1998 100 Spring Training 0.200 115
1997 100 Spring Training 0.199 86
1995 100 Baseball America 0.199 131
2006 100 FOX Fantasy 0.198 120
1993 100 Baseball America 0.198 134
2004 100 Spring Training 0.195 120
1999 40 Baseball Prospectus 0.194 230
2006 75 Inside the Dugout 0.192 116
2009 100 Baseball America 0.190 83
1999 50 Prospects, P, and Suspects 0.188 224
2004 100 Minors First 0.188 116
2005 100 SportsBlurb 0.187 109
2004 100 Ken Warren 0.185 114
2001 50 Lindy's 0.184 136
2004 100 Baseball America 0.183 113
2010 100 Dobber Baseball 0.180 104
2005 100 Rotoworld 0.179 104
2003 40 Baseball Prospectus 0.175 155
2004 100 On Deck 0.174 107
2007 50 Aaron Gleeman 0.173 71
2005 50 The Hardball Times 0.169 98
2004 100 The Sporting News 0.167 103
2010 100 Baseball America 0.166 96
2010 100 Baseball Intellect 0.164 95
1996 100 Baseball America 0.164 104
1991 100 Baseball America 0.157 84
2006 60 Bob Reed 0.156 94
1996 100 Spring Training 0.152 96
2006 100 Warm October Nights 0.152 92
2003 100 Rotowire 0.150 132
2010 100 AOL 0.148 86
1998 100 Baseball America 0.147 85
2010 100 MLB Prospect Guide 0.146 84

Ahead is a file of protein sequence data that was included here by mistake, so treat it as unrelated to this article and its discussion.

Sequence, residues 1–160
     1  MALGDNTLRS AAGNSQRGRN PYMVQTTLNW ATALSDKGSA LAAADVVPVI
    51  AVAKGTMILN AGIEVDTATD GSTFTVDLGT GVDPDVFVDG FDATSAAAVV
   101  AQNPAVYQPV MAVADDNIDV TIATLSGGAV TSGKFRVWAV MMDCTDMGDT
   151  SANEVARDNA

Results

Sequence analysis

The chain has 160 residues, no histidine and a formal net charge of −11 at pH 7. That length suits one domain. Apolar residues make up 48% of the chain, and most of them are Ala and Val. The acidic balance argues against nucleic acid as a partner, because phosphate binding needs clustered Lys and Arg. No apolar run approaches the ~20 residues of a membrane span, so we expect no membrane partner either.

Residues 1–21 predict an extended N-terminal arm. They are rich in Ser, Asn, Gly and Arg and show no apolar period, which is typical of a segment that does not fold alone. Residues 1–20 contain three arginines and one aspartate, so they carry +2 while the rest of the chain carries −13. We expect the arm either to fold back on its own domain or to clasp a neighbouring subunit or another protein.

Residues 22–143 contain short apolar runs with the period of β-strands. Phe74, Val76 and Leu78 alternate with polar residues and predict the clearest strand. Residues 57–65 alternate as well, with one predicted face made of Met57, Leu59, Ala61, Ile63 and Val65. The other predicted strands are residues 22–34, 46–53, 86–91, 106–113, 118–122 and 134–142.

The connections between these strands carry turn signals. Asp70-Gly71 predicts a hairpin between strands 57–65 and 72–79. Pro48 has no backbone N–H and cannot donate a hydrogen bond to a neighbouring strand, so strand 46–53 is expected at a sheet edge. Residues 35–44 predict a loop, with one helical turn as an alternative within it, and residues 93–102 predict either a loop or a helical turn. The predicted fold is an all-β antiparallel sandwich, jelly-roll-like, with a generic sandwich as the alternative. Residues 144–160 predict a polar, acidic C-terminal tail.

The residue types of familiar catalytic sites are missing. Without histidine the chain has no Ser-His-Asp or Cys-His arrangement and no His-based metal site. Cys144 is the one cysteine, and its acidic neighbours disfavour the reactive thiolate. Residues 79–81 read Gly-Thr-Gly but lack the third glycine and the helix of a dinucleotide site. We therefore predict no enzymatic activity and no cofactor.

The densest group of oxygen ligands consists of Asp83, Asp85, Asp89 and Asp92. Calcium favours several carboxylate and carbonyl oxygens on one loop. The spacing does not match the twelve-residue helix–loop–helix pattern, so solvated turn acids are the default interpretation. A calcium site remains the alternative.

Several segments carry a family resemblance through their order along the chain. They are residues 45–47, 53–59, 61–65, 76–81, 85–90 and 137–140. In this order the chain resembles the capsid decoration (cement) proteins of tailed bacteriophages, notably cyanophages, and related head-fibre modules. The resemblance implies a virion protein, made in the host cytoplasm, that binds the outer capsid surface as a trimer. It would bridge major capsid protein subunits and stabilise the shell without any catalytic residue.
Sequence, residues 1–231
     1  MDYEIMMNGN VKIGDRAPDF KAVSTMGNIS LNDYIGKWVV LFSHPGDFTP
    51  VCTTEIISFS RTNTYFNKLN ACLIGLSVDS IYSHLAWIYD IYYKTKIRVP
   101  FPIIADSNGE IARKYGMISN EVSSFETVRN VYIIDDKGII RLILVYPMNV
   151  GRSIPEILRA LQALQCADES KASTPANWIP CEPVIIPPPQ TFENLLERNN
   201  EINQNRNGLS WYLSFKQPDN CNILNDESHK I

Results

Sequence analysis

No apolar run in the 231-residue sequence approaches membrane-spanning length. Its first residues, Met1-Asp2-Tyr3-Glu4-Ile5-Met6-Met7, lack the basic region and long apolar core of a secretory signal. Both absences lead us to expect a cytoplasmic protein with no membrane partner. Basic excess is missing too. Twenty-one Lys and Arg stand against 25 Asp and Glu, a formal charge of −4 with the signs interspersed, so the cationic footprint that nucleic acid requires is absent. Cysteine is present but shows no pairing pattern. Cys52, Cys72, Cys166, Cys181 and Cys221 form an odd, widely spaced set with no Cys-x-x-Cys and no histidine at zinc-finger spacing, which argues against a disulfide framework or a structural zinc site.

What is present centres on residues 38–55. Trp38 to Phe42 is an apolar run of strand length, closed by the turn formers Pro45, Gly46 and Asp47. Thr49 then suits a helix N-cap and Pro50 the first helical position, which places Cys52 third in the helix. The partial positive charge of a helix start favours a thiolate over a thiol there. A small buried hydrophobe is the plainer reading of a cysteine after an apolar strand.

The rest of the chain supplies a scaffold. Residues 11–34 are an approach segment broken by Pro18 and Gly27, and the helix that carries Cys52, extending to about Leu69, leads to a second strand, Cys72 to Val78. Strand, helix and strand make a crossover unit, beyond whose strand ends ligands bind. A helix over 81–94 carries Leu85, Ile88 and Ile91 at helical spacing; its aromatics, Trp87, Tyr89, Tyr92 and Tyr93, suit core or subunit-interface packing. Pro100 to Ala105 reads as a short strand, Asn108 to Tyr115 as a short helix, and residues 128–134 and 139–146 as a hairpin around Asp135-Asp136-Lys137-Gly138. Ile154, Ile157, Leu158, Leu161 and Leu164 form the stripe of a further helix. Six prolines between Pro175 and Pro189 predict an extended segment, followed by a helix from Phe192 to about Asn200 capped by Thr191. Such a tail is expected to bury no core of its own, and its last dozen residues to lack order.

2006 50 The Hardball Times 0.146 88
2005 100 Diamond Futures 0.143 83
2006 50 Sporting News 0.142 85
2001 100 Baseball America 0.141 105
2007 100 Baseball Notebook 0.141 58
2006 100 Baseball Notebook 0.138 83
2005 60 Bob Reed 0.135 79
2006 75 Baseball Analysts 0.135 82
2003 100 Ken Warren 0.134 118
2003 100 Rotoworld 0.133 118
2010 100 Fangraphs 0.132 76
2003 100 Top Prospect Report 0.129 114
2005 100 CBS 0.129 75
2004 50 Rotowire 0.128 79
2003 100 The Sporting News Wheeler 0.124 110
2001 100 Ken Phelps 0.124 92
2003 100 Baseball America 0.123 108
2010 100 The Hardball Times Fantasy 0.122 71
1994 100 Baseball America 0.120 111
2010 100 Top Prospect Alert 0.119 69
2010 100 Baseball Prospectus 0.118 68
2007 100 Sports Weekly 0.116 48
2002 100 Baseball America 0.115 152
2004 100 Diamond Futures 0.111 68
2001 100 Team One 0.110 81
2004 90 Baseball Analysts 0.109 67
2001 100 CBS 0.109 81
2004 50 Baseball Prospectus 0.105 65
2004 50 MLB 0.105 65
1995 100 Spring Training 0.104 69
2001 100 Spring Training 0.104 77
2003 100 Minors First 0.102 90
2001 100 Top Prospect Alert 0.102 75
2010 100 ESPN 0.102 59
2006 100 Diamond Futures 0.101 61
1993 100 Spring Training 0.097 66
1994 100 Spring Training 0.097 89
2003 100 Ken Phelps 0.095 84
2004 50 The Hardball Times 0.094 58
2003 100 The Sporting News 0.093 82
2001 50 John Sickels 0.093 69
2002 100 Strike Three 0.087 114
2002 100 Spring Training 0.086 114
2002 40 Baseball Prospectus 0.086 113
2003 100 Strike Three 0.085 75
2005 50 Baseball Prospectus 0.083 49